Here are the details of maps for Kelvinside:
This very detailed map covers an area of NW Glasgow, together with smaller portions of Renfrewshire and Dumbartonshire. Gilbert Bell describes it as an area where "one can almost sense the energy of a great city undergoing dramatic change. Fields await development. Roads are laid out in the full expectation that buildings will soon line them. A railway is under construction and gas works ooze power for home and factory.... Glasgow in 1893 was growing spectacularly. Everything shown here within the city boundary had only been annexed in 1891 and everything beyond that boundary would be annexed in 1912." There is no central feature to the map, which includes part of Kelvinside (bottom right), part of Maryhill (top right), extends westward to the then city boundary and includes, within Renfrewshire, parts of Jordanhill and Anniesland, here largely undeveloped. But there is much of interest on the map. There are several railways, including the Stobcross Branch with Great Western Road station, part of the CR's Glasgow Central Line, the Forth & Clyde Canal, Kelvindale Paper Works, River Kelvin, Gas Works No 2 and 4, Beaconsfield Road and Montgomerie Crescent, Royal Lunatic Asylum, Claythorn, old ironstone pits, Temple of Garscube. On the reverse we include street directory extracts for Great Western Terrace and Montgomerie Drive, plus a railway timetable for the NBR's Maryhill/Singer to Bridgeton Cross line in 1918.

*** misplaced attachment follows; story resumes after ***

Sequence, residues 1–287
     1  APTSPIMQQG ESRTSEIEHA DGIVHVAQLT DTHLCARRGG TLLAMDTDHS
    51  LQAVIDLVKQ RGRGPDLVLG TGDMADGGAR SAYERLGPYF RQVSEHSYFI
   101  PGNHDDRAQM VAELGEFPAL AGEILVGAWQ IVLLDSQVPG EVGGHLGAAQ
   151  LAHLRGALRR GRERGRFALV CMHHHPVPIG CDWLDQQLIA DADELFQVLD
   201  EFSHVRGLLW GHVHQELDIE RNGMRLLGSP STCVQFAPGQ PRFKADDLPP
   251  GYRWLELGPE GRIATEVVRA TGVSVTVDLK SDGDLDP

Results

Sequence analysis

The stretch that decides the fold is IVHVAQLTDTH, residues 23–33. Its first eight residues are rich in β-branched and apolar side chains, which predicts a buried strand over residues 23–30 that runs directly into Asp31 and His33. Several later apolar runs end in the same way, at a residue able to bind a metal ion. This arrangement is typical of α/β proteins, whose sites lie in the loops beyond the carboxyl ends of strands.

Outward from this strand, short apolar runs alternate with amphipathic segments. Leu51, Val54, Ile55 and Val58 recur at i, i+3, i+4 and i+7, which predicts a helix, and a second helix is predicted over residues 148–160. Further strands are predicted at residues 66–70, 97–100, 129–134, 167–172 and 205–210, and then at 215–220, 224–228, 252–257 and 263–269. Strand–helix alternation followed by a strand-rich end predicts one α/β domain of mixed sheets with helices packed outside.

You might find this index map useful. The map links up with Sheets 6.02 Maryhill to the east, 6.05 Partick to the south.